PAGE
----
In order to maximise the size of each of these twin samples, TEDS staff went through several cycles of collecting DNA samples from families, extracting and quantifying DNA in the lab, reprecipitating DNA samples to increase the concentration, and re-assessing the best twin from each pair. The selection criteria (shown in the table above) evolved over time according to practical considerations as well as the requirements of the WTCCC. The selection of families for phases 3 and 4 of DNA collection (especially for re-sampling) were gradually refined accordingly.
As part of the WTCCC study, some twin pairs who had not completed the maths and reading web tests in wave 2 of the 12 year study were contacted for a follow-up wave of web data collection in 2008. This is described in more detail on the 12 Year Study page. Twins who participated in this wave of web testing were also re-sampled (if necessary) in phase 4 of the DNA collection.
The genotypic data were eventually returned to TEDS by the Sanger Institute, as a subset of the 4440 twins who had been included in the discovery sample. Some had failed quality control measures at Sanger, and after further quality control steps within TEDS, the final sample of genotypic data included 3152 individual twins. This sample is sometimes referred to as the "Affymetrix sample" because this is the platform on which they were genotyped. This Affymetrix sample of 3152 twins included only unrelated twins (one per pair), from both MZ and DZ pairs.
The Affymetrix sample of genotypic data was later supplemented by a sample on the OEE platform - see below.
The OEE study
The 'OEE study' had the broad aim of maximising the size of the genotypic data sample for TEDS twins, building on the existing Affymetrix sample. DNA samples were genotyped in the SGDP labs on the OEE platform. This genotyping used existing (cheek swab) DNA samples where available, supplemented by newly-collected (salivary) DNA samples. The collection of new salivary DNA samples, as described above, took place in 2014-15. The OEE genotyping took place in several waves in 2015-16.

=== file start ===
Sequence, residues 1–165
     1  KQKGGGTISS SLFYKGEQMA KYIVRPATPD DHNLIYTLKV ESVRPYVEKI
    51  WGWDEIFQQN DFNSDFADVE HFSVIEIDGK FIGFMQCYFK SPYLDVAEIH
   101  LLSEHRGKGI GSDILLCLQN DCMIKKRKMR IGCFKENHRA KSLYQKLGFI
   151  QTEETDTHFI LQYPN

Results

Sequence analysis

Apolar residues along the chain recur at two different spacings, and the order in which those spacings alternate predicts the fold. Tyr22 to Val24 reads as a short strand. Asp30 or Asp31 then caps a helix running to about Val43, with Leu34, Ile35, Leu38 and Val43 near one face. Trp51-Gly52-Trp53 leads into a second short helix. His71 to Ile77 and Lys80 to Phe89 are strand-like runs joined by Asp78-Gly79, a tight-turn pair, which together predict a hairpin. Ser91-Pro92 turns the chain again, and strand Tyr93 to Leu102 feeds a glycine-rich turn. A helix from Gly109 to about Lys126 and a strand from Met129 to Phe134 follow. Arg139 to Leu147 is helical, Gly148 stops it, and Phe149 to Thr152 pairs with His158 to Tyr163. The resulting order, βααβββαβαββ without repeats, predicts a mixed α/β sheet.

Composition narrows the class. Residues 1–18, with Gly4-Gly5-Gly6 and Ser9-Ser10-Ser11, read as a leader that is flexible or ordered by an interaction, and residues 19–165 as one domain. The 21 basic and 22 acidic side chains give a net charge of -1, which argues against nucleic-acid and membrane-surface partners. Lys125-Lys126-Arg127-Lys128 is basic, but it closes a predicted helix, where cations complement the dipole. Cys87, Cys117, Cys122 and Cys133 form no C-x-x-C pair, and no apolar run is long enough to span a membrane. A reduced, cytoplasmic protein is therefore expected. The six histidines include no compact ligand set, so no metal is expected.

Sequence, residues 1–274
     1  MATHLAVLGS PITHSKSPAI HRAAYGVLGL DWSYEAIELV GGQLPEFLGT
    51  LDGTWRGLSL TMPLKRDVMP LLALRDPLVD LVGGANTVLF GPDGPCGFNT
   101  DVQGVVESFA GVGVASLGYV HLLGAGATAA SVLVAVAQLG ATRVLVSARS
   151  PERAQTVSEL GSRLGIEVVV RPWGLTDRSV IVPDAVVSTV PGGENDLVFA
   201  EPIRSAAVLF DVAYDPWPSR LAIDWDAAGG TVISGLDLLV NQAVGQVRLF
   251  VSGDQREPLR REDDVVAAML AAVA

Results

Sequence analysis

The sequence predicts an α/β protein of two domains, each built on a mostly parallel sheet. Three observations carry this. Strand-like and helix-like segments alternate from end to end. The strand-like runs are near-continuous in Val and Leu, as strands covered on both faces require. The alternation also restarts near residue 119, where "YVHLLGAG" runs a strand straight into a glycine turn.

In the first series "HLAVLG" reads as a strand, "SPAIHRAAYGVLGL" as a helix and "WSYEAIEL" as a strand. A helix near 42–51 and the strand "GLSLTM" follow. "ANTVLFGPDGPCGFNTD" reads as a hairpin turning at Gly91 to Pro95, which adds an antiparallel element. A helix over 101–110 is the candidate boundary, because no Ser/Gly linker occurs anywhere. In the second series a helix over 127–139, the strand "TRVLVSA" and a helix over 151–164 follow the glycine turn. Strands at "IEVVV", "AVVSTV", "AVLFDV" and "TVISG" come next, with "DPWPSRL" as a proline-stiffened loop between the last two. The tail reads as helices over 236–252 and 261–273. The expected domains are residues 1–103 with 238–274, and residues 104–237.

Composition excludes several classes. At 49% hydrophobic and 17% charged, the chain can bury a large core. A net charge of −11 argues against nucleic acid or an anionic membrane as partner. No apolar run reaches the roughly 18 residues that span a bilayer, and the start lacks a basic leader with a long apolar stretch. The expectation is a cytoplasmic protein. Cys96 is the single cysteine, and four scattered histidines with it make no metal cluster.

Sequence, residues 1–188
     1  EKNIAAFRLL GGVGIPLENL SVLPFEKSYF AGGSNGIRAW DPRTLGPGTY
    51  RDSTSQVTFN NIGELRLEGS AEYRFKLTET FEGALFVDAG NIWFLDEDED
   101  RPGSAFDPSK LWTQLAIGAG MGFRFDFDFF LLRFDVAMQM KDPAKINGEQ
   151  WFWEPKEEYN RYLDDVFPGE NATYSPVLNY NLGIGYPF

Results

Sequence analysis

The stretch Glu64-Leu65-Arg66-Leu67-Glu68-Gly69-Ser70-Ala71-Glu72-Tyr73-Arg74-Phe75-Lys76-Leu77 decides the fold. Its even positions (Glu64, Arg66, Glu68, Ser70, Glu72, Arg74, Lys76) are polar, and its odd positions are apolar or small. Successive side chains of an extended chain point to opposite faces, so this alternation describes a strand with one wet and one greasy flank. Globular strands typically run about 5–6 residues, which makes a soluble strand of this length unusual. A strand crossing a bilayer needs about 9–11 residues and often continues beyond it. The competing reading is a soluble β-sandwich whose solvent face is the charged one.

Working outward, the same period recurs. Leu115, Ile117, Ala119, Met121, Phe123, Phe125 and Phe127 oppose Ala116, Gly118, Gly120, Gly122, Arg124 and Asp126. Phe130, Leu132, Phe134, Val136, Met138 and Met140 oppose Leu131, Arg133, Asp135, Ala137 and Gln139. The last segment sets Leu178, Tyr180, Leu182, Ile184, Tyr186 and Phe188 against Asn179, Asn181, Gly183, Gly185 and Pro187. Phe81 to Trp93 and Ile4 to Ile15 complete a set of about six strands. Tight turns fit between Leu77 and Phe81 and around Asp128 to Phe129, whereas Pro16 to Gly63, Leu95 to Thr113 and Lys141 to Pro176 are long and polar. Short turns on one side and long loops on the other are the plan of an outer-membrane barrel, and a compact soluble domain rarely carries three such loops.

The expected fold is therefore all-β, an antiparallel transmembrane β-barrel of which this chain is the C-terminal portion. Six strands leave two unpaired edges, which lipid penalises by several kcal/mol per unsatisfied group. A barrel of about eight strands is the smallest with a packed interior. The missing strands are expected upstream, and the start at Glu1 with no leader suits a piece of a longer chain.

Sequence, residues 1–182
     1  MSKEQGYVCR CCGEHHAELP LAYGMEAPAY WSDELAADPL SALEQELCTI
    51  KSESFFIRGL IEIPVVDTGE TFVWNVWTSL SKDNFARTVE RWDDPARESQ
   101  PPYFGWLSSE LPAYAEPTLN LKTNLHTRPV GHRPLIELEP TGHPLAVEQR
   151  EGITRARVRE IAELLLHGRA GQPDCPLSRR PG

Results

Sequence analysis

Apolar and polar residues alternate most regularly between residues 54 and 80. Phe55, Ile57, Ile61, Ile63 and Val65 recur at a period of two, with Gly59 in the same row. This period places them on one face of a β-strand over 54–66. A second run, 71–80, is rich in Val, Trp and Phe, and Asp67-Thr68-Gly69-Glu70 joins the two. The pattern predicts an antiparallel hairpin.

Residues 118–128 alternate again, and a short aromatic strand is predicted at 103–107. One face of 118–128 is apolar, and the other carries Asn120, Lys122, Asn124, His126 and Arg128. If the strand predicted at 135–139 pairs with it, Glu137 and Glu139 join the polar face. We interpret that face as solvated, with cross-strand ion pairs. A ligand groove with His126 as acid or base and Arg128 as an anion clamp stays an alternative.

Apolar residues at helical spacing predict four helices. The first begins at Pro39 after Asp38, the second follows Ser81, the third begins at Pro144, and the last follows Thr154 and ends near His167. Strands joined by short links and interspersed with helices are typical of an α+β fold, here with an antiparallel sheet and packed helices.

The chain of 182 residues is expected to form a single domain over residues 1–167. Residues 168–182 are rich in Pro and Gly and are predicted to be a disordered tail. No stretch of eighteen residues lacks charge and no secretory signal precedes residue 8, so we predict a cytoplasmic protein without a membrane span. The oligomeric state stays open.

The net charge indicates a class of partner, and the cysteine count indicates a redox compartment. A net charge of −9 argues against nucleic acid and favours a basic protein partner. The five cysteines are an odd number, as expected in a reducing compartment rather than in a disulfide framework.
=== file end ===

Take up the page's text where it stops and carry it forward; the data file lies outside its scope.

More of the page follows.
Over the two years of the study, and successive waves of actual genotyping, the criteria for selecting twin DNA samples were modified. The criteria for selecting suitable DNA samples were modified by trial and error, as feedback from genotyping determined the minimum sample characteristics (concentration, mass, quality) that were likely to produce a successful result. The phenotypic criteria for selecting appropriate twins were gradually broadened: in the earliest waves, unrelated twins with recent data were prioritised; in later waves, twins with less recent data were also selected, along with DZ twin pairs. Rather than describing the selection criteria for each wave, the paragraphs below describe the final criteria that applied broadly to the entire sample.